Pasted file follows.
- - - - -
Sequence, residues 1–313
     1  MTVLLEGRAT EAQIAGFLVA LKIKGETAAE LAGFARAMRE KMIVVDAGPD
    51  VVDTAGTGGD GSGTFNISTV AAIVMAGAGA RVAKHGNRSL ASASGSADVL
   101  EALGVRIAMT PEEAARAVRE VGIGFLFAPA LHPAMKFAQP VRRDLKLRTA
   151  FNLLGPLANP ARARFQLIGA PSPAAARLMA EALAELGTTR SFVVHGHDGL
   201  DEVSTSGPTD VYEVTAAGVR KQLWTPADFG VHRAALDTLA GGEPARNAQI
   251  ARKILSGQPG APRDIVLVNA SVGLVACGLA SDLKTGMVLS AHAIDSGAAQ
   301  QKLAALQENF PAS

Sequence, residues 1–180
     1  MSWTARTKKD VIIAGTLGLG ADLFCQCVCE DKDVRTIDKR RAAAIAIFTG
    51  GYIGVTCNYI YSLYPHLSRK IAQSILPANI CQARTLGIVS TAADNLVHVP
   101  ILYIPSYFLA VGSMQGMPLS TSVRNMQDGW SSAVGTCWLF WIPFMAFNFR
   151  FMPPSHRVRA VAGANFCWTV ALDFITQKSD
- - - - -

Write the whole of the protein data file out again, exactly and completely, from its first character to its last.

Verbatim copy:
Sequence, residues 1–313
     1  MTVLLEGRAT EAQIAGFLVA LKIKGETAAE LAGFARAMRE KMIVVDAGPD
    51  VVDTAGTGGD GSGTFNISTV AAIVMAGAGA RVAKHGNRSL ASASGSADVL
   101  EALGVRIAMT PEEAARAVRE VGIGFLFAPA LHPAMKFAQP VRRDLKLRTA
   151  FNLLGPLANP ARARFQLIGA PSPAAARLMA EALAELGTTR SFVVHGHDGL
   201  DEVSTSGPTD VYEVTAAGVR KQLWTPADFG VHRAALDTLA GGEPARNAQI
   251  ARKILSGQPG APRDIVLVNA SVGLVACGLA SDLKTGMVLS AHAIDSGAAQ
   301  QKLAALQENF PAS

Sequence, residues 1–180
     1  MSWTARTKKD VIIAGTLGLG ADLFCQCVCE DKDVRTIDKR RAAAIAIFTG
    51  GYIGVTCNYI YSLYPHLSRK IAQSILPANI CQARTLGIVS TAADNLVHVP
   101  ILYIPSYFLA VGSMQGMPLS TSVRNMQDGW SSAVGTCWLF WIPFMAFNFR
   151  FMPPSHRVRA VAGANFCWTV ALDFITQKSD